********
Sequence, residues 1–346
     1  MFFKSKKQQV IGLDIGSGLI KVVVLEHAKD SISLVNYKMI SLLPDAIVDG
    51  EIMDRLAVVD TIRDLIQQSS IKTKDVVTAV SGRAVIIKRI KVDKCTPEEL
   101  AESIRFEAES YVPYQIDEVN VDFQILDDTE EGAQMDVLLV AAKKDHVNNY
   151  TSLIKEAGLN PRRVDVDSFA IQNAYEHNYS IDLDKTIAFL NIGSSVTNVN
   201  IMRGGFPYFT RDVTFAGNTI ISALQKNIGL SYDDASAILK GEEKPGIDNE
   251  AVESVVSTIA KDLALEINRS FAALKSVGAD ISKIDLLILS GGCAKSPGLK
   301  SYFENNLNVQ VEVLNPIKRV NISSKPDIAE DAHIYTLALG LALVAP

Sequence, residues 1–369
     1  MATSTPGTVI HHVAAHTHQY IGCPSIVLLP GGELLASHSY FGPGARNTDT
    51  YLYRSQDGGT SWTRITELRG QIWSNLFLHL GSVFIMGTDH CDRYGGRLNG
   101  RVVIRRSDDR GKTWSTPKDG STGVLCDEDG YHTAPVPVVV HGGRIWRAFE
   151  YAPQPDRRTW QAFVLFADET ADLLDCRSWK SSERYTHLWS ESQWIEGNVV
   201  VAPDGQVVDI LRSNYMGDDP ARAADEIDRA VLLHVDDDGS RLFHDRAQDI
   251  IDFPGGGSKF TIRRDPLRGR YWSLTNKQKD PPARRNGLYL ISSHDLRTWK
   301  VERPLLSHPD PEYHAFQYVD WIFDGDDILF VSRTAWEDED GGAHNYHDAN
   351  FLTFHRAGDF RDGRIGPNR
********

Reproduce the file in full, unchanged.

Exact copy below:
Sequence, residues 1–346
     1  MFFKSKKQQV IGLDIGSGLI KVVVLEHAKD SISLVNYKMI SLLPDAIVDG
    51  EIMDRLAVVD TIRDLIQQSS IKTKDVVTAV SGRAVIIKRI KVDKCTPEEL
   101  AESIRFEAES YVPYQIDEVN VDFQILDDTE EGAQMDVLLV AAKKDHVNNY
   151  TSLIKEAGLN PRRVDVDSFA IQNAYEHNYS IDLDKTIAFL NIGSSVTNVN
   201  IMRGGFPYFT RDVTFAGNTI ISALQKNIGL SYDDASAILK GEEKPGIDNE
   251  AVESVVSTIA KDLALEINRS FAALKSVGAD ISKIDLLILS GGCAKSPGLK
   301  SYFENNLNVQ VEVLNPIKRV NISSKPDIAE DAHIYTLALG LALVAP

Sequence, residues 1–369
     1  MATSTPGTVI HHVAAHTHQY IGCPSIVLLP GGELLASHSY FGPGARNTDT
    51  YLYRSQDGGT SWTRITELRG QIWSNLFLHL GSVFIMGTDH CDRYGGRLNG
   101  RVVIRRSDDR GKTWSTPKDG STGVLCDEDG YHTAPVPVVV HGGRIWRAFE
   151  YAPQPDRRTW QAFVLFADET ADLLDCRSWK SSERYTHLWS ESQWIEGNVV
   201  VAPDGQVVDI LRSNYMGDDP ARAADEIDRA VLLHVDDDGS RLFHDRAQDI
   251  IDFPGGGSKF TIRRDPLRGR YWSLTNKQKD PPARRNGLYL ISSHDLRTWK
   301  VERPLLSHPD PEYHAFQYVD WIFDGDDILF VSRTAWEDED GGAHNYHDAN
   351  FLTFHRAGDF RDGRIGPNR